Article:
1. This is strictly a COMPARISON test. The idea is not to highlight good and bad batteries, but to compare them with each other to identify value for money. Please don’t attack us because your favorite battery doesn’t perform as well as you believe it should.
2. By using an LM317 current controller, the current is stabilized to ensure all batteries are tested on a flat playing field irrespective of their initial internal resistance state.
3. We did not factor in battery age because all batteries here are required to meet EU regulations for Best Buy Date. Note that batteries such as the Energizer Ultra+ now include PowerSeal which gives a 10 years locked in shelf life guarantee. That doesn’t guarantee better value, but it’s something to consider if you’re buying batteries for long term emergency storage.
4. We will be testing Lithium batteries shortly, but we couldn’t resist doing one quick test with an Energizer Lithium Ultimate and the results were startling. The battery started at 6 volts and held 5 volts for 77 minutes compared to the longest alkaline (Panasonic Evolta) which held 5 volts for just 10 mins. Once the price comes down to a sensible level these should be the first choice battery for modern high drain devices.
5. Prices are heavily dependent on the retailer. We bought a good number of our test batteries (including the Duracell Simply) from Pound Shops (equivalent to Dollar Stores) and supermarkets. Amazon surprisingly has a mixed track record, with some brands cheaper and some more expensive than you can find elsewhere. It pays to search around!
6. We also tested six ultra low priced Chinese Zinc Carbon batteries but the performance was generally so dismal that we will have to re-test with different settings to get a meaningful result. The batteries we have looked at so far are Panasonic, Sony, Kodak, JCB and Hyundai. In each case our 500 mA (miliamp) battery drain killed the cells in around 2 to 10 minutes (vs 50 – 76 mins for alkaline). Zinc Carbon are clearly really only suitable for *very* low drain devices (such as small LED flashlights).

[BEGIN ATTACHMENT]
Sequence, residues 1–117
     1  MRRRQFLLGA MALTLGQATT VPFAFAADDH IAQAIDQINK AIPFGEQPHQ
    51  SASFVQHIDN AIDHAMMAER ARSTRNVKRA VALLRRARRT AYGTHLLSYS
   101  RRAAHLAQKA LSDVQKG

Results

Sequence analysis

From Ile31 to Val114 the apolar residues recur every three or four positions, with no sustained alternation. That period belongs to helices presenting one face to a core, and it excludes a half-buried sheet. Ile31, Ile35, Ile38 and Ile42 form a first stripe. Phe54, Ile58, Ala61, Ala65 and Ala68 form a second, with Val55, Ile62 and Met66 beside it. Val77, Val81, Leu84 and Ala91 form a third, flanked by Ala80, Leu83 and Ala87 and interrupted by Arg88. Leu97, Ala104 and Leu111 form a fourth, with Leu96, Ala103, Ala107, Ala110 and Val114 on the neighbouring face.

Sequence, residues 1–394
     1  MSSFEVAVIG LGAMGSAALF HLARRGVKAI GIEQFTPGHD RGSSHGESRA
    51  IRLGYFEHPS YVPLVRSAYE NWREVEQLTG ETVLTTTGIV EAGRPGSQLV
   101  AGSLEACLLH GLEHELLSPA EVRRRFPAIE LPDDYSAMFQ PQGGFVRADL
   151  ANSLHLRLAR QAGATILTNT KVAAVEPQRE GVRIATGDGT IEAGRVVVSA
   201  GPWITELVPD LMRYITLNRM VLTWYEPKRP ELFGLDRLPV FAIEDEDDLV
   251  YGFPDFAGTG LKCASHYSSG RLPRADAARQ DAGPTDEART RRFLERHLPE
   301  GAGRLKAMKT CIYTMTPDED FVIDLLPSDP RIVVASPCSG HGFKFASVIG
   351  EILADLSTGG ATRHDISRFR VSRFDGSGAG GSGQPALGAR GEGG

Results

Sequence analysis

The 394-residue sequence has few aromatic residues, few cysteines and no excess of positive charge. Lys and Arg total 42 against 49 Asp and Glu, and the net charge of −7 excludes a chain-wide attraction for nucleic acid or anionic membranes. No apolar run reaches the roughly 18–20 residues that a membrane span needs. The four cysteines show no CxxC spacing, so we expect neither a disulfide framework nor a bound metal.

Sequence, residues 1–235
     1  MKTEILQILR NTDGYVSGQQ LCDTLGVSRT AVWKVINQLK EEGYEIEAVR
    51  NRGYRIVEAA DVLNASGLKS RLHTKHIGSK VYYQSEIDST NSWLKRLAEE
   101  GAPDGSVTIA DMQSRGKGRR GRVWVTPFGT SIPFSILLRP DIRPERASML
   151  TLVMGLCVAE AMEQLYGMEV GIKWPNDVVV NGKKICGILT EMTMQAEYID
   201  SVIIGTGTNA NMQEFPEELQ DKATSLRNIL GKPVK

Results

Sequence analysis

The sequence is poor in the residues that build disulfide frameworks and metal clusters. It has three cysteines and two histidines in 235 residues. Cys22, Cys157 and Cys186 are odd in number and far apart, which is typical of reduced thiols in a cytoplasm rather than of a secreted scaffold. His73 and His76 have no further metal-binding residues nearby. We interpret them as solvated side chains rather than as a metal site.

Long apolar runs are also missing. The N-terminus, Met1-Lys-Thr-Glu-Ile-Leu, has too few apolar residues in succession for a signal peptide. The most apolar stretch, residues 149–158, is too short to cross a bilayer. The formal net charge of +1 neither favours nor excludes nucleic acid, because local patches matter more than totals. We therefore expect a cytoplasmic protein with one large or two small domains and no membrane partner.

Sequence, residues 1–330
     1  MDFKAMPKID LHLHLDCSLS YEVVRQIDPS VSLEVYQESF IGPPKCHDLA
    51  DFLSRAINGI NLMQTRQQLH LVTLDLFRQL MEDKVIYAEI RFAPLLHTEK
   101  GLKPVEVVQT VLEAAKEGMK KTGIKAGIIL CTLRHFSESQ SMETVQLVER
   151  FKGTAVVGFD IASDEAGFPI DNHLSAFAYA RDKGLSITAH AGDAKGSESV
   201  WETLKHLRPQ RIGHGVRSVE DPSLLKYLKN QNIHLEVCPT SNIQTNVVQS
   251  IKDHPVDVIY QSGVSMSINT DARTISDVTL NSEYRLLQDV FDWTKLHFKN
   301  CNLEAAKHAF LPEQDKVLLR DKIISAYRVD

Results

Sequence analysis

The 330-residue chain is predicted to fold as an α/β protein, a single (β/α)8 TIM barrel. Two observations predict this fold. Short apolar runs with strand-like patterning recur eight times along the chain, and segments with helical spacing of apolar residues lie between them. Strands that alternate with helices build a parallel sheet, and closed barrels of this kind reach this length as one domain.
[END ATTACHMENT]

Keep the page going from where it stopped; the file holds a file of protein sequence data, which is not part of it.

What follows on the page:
7. The best value for money battery – the Kodak Xtralife – was bought in a 6 pack for £1 at a Pound Shop. Smart battery buying favors the alert opportunist shopper.
8. It is possible that some of the poorer results are the result of failed batteries during the test, but since this reflects a problem with product reliability we felt it still provided a valid data point for the value of the battery in general. In other words, if 25% of your battery 4 pack fails early during use, it’s not that great a value for money, is it?
9. The biggest shock of the tests was the fact that the market leader Duracell is four times worse value for money than the winning Kodak battery. And we have no explanation for why the Duracell Ultra Power comes dead last in our Value for Money chart.
Well actually we do know why the Duracell brand seems to be poor value. It’s not the capacity, they’re just too expensive compared to some other brands. Someone has got to pay for that $67 million advertising budget we guess, and it seems to be us.
1. Even when your alkaline batteries have reached their cutoff voltage and won’t work with your high drain device, you can quite easily cascade them down to lower drain devices and they should work, because the battery can refresh the chemical reaction even after being drained.
For example, we took the Duracell Ultra Power batteries after our drain test and put them into a cheap LED light and they worked fine for 24 hours non-stop (in fact the light was still going when we stopped the test, see above photo).
2. You can easily mix and match different alkaline batteries with no problem. If one of the batteries is part used, however, the device will stop working quicker as you might expect, when the part used battery runs out of charge. In which case just drop in another part used battery and carry on. Rinse and repeat until both batteries are drained.
How long the device runs will of course depend on the remaining capacity and the drain of the device.
3. Battery leakage is usually caused by a manufacturing defect of some sort. This is typically in the sealant which surrounds the positive terminal. See image. Note the breather hole as well.